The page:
CSM preliminary messages for the
CFS Advisory Group and Bureau Meeting on COVID-19
and its impacts on food security and nutrition
19 March 2020
Points on the impact of the Corona crisis on food security and nutrition:
- Thank you to the CFS Chair and Secretariat for organizing this call; also, many thanks to the HLPE for the note and recommendations;CSM had consultations in the past few days and we have several key points that are building on the recommendations drafted by the HLPE;
- The Corona crisis shows the importance of Health as a public good and the outstanding relevance of a Public sector and public policies that can effectively ensure the right to health in general and especially in times of emergency. Public health systems must become a priority for all countries also after the crisis will conclude. In these times of emergencies, most people understand the necessity and relevance of a human rights approach. Food and health are not just commodities, or for financial profits.
- In this crisis and in any crisis, people(s) have to come first. Food producers and health workers are now among the most important actors to address this crisis. Small-scale producers all over the world are the ones who ensure as we speak resilience of their communities and countries. They are also among the most exposed and affected by the crisis.
- Women carry huge part of the struggles against the crisis in the health sector, in the food systems, very often providing unpaid care, in all dimension where societies and communities resist this global crisis. The respect and protection of women’s rights must be at the center of any effective response to the crisis.
- Given the immense contribution to feed the people and their exposure in the front-line of the Coronavirus pandemic, public policies now must focus on supporting the smallholder family farmers, Indigenous Peoples, pastoralists, women, youth, fisherfolks, as well as consumers and the urban poor to fight back the consequences of the crisis.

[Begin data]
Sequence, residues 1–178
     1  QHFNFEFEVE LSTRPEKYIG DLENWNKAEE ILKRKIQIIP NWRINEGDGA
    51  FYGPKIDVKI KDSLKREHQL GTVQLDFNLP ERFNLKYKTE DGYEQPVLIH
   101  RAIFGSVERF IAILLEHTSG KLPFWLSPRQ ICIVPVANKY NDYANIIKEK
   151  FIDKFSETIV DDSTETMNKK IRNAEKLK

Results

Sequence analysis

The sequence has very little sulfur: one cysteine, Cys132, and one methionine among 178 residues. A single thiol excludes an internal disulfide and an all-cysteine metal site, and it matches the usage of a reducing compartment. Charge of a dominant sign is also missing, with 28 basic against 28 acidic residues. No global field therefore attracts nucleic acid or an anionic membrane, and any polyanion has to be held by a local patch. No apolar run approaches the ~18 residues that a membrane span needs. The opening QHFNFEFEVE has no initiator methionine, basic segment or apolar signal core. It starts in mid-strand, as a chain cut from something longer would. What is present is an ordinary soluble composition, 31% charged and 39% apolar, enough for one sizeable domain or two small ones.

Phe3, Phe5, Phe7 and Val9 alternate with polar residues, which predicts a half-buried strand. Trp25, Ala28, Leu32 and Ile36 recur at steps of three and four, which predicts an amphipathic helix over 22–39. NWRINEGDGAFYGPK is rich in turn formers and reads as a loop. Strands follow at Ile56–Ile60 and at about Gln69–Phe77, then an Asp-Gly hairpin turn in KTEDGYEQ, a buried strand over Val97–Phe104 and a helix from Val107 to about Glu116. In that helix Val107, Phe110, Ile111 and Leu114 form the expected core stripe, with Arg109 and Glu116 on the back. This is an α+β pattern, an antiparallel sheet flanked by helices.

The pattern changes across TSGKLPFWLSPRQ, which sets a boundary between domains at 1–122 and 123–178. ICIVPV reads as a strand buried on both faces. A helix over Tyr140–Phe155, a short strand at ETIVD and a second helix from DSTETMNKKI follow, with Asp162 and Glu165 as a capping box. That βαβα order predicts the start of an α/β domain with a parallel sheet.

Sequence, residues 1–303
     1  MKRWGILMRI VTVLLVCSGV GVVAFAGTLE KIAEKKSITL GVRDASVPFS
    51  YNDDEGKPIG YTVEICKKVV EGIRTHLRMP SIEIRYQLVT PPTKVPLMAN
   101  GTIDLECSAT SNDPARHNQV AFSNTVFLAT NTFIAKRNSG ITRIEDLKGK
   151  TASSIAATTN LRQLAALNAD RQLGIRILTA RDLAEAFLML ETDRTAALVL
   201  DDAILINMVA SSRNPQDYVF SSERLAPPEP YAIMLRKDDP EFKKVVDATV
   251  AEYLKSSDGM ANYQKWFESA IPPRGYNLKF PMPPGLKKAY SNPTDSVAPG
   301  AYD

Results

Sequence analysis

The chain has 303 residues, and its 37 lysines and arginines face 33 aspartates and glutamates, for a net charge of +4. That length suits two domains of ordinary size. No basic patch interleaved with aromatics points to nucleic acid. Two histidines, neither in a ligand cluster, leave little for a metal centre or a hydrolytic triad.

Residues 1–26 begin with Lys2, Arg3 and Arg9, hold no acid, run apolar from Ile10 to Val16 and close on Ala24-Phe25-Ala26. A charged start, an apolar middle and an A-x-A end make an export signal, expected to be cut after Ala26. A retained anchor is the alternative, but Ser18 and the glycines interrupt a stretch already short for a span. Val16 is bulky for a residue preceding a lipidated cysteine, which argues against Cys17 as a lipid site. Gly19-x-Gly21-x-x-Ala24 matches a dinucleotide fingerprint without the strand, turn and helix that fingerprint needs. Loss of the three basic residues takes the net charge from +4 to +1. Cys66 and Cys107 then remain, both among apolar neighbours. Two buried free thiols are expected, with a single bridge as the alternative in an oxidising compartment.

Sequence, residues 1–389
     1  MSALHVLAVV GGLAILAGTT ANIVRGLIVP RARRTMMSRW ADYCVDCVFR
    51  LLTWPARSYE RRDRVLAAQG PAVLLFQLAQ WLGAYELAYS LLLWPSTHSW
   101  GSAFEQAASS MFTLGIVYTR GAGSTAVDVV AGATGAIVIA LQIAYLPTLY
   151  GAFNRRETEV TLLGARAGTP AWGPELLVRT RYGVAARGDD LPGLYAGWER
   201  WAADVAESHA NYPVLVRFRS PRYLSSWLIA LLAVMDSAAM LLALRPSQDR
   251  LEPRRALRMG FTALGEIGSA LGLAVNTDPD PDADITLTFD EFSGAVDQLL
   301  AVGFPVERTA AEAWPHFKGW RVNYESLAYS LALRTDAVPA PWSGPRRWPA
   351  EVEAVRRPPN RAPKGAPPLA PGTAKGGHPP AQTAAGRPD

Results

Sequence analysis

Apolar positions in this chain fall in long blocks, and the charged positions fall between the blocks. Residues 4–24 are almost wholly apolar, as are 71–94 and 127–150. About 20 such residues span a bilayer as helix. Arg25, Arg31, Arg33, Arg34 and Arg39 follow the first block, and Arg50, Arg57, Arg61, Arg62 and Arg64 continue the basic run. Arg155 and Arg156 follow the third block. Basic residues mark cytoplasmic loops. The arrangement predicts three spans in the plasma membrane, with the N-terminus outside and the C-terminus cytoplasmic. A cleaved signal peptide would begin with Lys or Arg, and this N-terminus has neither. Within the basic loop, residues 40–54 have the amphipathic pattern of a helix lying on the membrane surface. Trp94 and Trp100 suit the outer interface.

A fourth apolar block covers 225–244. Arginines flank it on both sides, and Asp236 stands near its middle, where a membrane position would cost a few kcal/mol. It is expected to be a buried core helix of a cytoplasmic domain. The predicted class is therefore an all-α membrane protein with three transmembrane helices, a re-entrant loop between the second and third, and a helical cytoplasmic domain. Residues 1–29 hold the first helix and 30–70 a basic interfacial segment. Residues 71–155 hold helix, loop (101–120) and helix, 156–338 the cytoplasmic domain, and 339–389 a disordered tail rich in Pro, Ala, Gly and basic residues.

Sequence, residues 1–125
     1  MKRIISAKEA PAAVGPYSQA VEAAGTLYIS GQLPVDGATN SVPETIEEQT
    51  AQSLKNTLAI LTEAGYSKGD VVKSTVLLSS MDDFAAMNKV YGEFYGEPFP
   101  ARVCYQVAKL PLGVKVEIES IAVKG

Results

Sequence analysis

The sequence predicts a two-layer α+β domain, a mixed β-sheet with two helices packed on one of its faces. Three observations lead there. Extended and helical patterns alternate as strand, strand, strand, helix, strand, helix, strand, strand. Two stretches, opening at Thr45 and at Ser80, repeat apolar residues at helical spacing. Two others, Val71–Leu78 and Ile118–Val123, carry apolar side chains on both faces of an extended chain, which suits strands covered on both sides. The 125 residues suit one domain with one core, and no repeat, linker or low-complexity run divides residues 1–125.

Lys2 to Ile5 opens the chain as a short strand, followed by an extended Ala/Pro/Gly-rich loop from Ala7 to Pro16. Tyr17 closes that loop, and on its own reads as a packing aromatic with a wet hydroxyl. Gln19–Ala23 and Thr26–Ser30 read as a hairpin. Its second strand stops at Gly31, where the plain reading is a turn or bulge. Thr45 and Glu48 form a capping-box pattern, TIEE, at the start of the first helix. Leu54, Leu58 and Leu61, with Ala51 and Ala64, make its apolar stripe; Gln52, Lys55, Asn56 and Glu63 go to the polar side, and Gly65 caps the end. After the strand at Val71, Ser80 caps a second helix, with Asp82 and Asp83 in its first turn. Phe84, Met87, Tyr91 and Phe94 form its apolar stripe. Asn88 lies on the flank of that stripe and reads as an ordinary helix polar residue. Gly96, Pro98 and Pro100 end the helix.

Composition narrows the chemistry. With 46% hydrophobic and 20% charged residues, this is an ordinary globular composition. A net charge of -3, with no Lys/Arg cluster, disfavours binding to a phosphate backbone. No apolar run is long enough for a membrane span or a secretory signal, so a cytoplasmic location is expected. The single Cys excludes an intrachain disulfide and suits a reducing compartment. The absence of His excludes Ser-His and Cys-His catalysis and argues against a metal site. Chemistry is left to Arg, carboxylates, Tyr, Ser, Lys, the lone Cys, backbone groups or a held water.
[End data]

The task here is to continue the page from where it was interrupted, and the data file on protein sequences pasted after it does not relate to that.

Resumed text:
- These public policies and actions must be very concrete for each of the affected constituencies: for Food and agricultural workers this means ensuring access to health care, access to potable water and water for sanitation, ensuring sick leave payments and the provision of emergency financing to support incomes and employment, and the stop of measures such as foreclosures, auctioning of homes, cuts of water supply and power due to the debts of the households especially in rural areas.
- We remind that among the most affected and vulnerable all over the world are the aged people, the migrants, the refugees and all people living in conflicts and protracted crisis. They face a catastrophic future. They must be at the center of global attention and effective policy response.
- The most affected will be poorest. We echo the concerns voiced by FAO and others, regarding the developing countries who face particularly problematic obstacles, they need support to meet the needs of the health and food systems. Solidarity from the ground and action of support between governments across the board will be key to help all of us overcome this crisis.